We set off and made it up the first big hill before the sun came over the horizon.  I love it when we run Key Circle Hill with people who are new to town.  The climb up gets everyone asking "what is EVEN happening right now?!" and then the view from the top is breathtaking...a panorama of the whole city from the top of a dramatic cliff.  I can even spot my building and see whether the windows of our apartment are illuminated yet.

We ran a strong, hard descent to Crestline Valley.  A guy in our group set the pace, while I ran beside him and navigated from printed directions.  I didn't even notice the effort until we reached the trails at mile eight.  A few people left us behind for a fast finish, and we navigated our way back to the shop.

I felt great after the run, just very happy and energized.  I chatted with one of my friends who just became a RRCA certified coach, then got some coffee and drove home.  All evening, my hamstrings were very sore and tight, particularly on the left (my "bad side").  It's to be expected when I run so many hills, especially hard downhills.  I took some Advil and spent about an hour on the foam roller.  I'm happy to report that I feel normal today (the day after), and I've been able to run some recovery miles with no pain.

With all that said, I will now share photos of what I eat on a day like this Saturday.  It's definitely more than on a "normal" day, but you will probably think it's a lot of food.  Again this week I have seen a few "what an elite runner eats" articles and click-baity lists circulating on the internet.  You know the type...Spartan recollections of meager meals full of powdered things, tomato flavored "food bars," sponsored almond butter, and not a bit of gluten anywhere.  I'll also note that aside from the things pictured here, I also cracked a can of light beer in the afternoon while I finished wrapping Christmas presents, I ate some stewed figs out of the jar because I saw them in the fridge, and I stole some animal crackers from my son.  I probably also drank milk out of the carton (don't tell my husband).  Okay, here you go:

Glamorous back-of-the-toilet breakfast at 4:30.  I didn't end up eating the protein bar or all the pumpkins. 

Following a Trader Joe's and Starbucks run with my family.  Does beet juice really help recovery?  I don't know!  I still love this lemony weirdness, and so does my son.  I seriously have to hide it from him.  The beverage is a whole milk cappuccino.  I probably drink too much coffee.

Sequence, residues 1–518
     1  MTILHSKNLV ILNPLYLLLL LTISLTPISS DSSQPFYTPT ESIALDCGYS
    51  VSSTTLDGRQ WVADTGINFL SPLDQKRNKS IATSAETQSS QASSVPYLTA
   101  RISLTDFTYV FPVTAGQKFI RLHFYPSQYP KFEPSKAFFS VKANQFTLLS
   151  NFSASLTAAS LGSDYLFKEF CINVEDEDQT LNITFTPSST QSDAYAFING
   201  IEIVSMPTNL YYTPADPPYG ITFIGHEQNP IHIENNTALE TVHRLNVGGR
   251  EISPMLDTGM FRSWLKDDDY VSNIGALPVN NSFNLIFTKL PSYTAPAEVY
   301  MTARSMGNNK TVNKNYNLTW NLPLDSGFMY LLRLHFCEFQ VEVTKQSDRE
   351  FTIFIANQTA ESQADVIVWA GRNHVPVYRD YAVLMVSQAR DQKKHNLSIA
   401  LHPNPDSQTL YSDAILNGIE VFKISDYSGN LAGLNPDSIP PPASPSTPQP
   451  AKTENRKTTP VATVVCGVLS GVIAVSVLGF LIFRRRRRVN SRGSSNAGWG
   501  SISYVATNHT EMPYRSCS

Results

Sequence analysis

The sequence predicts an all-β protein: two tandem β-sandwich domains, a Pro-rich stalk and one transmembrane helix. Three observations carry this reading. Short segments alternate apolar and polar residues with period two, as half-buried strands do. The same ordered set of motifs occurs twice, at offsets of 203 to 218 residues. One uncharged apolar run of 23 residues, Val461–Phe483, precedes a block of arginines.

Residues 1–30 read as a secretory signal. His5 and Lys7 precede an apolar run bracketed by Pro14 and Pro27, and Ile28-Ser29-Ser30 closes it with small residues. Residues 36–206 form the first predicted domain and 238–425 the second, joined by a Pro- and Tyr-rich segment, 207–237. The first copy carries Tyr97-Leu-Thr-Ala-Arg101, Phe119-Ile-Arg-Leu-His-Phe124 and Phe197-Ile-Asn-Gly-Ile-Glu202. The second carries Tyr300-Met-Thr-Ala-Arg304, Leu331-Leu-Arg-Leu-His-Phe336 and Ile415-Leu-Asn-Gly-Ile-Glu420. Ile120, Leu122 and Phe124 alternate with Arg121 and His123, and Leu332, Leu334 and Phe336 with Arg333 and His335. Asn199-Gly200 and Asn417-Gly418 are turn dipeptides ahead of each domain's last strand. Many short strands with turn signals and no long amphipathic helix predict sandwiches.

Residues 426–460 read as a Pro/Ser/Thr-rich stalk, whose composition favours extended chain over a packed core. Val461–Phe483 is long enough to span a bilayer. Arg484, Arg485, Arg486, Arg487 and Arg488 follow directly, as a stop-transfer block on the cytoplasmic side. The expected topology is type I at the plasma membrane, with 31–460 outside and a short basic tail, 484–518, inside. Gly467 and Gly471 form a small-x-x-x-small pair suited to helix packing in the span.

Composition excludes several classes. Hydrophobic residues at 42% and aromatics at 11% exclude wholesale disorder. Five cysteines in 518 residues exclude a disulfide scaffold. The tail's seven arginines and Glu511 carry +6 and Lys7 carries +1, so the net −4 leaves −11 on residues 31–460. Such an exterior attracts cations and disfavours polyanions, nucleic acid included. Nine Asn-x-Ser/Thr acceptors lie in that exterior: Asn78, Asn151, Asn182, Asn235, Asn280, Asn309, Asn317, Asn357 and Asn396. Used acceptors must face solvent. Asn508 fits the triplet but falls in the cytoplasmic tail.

A bagel with cheese, a few steamed eggs, and probably more than my fair share of the salsa.  This is not new juice, it's just the same juice that I couldn't finish because my son was screaming for it.  Do you guys steam eggs in the microwave?  I do, and it's a game changer.

A roast dinner I made in the slow cooker, because I am laaaaaaazy.  This is venison tritip roast that we got from my cousin.  Yes, although my husband is 99% vegan and I'm 99% vegetarian, we eat the venison my cousins give us.  We have reasons for this, but they are boring haha.

Work and television-watching snacks. 

Okay, the end.  Next week's long run is going to have to happen on the day after Christmas, and it looks like I'll be on my own again.  Probably on a 2.6-mile jogging track.  I guess that will be about seven laps?  KILL ME NOW. 


Dolly said…
Beet juice is an acquired taste... My daughter loves her veggies too, she always will steal the zucchini or mushrooms off of my plate.

I probably ate way more processed food last year, as opposed to this year's marathon training cycle. But, I'd like to think that cleaning up my diet helped with my recovery.

Why the protein bars? You seem to eat a lot of clean foods, is there a reason that you include these? Since I've switched to a more plant based diet, it seems like I can really taste the chemicals in bars now.